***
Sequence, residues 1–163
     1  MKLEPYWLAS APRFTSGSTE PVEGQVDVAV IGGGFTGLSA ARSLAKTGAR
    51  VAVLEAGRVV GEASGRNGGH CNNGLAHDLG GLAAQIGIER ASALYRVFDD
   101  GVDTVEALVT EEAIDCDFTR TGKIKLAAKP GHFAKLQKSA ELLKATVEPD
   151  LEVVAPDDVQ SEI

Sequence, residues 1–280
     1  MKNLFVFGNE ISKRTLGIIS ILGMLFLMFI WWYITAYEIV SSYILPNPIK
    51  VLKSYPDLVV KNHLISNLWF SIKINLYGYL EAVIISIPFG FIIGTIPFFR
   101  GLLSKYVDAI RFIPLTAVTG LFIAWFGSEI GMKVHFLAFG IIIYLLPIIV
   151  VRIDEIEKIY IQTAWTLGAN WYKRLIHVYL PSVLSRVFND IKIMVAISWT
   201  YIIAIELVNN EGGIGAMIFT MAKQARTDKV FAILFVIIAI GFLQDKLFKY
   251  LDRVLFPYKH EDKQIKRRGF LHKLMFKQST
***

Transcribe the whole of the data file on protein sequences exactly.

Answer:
Sequence, residues 1–163
     1  MKLEPYWLAS APRFTSGSTE PVEGQVDVAV IGGGFTGLSA ARSLAKTGAR
    51  VAVLEAGRVV GEASGRNGGH CNNGLAHDLG GLAAQIGIER ASALYRVFDD
   101  GVDTVEALVT EEAIDCDFTR TGKIKLAAKP GHFAKLQKSA ELLKATVEPD
   151  LEVVAPDDVQ SEI

Sequence, residues 1–280
     1  MKNLFVFGNE ISKRTLGIIS ILGMLFLMFI WWYITAYEIV SSYILPNPIK
    51  VLKSYPDLVV KNHLISNLWF SIKINLYGYL EAVIISIPFG FIIGTIPFFR
   101  GLLSKYVDAI RFIPLTAVTG LFIAWFGSEI GMKVHFLAFG IIIYLLPIIV
   151  VRIDEIEKIY IQTAWTLGAN WYKRLIHVYL PSVLSRVFND IKIMVAISWT
   201  YIIAIELVNN EGGIGAMIFT MAKQARTDKV FAILFVIIAI GFLQDKLFKY
   251  LDRVLFPYKH EDKQIKRRGF LHKLMFKQST